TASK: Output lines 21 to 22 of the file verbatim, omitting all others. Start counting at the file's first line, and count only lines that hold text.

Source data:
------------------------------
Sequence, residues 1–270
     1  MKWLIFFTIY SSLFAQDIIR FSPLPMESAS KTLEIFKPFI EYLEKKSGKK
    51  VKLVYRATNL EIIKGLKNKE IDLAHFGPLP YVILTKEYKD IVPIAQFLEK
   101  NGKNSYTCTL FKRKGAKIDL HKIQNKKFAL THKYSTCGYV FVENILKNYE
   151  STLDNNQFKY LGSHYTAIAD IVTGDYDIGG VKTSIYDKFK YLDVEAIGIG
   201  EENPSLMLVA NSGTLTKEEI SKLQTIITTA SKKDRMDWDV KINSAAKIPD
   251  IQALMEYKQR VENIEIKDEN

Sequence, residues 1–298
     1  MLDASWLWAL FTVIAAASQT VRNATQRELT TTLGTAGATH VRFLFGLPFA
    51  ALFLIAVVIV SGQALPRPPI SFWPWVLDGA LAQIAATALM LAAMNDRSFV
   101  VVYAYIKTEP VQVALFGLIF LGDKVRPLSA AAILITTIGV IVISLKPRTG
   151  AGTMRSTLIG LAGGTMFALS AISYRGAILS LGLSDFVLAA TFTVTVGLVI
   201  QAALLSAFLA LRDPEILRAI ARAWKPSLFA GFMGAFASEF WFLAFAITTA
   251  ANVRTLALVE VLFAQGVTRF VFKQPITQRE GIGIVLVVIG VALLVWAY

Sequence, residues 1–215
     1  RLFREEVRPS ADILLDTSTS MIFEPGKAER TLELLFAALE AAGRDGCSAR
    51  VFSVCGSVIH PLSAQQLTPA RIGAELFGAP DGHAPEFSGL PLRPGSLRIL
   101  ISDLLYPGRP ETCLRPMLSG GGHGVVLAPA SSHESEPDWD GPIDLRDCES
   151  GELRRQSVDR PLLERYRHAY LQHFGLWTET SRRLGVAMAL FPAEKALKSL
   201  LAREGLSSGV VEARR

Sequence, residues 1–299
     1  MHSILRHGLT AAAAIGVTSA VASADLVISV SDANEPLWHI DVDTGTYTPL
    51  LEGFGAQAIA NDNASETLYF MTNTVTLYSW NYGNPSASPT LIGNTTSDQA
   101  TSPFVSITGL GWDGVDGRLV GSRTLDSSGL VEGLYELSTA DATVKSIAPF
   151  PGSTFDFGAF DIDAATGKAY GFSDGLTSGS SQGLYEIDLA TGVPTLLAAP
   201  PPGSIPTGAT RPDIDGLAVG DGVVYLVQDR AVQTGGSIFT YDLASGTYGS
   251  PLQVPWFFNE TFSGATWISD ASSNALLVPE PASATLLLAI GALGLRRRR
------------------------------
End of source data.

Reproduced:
Sequence, residues 1–299
     1  MHSILRHGLT AAAAIGVTSA VASADLVISV SDANEPLWHI DVDTGTYTPL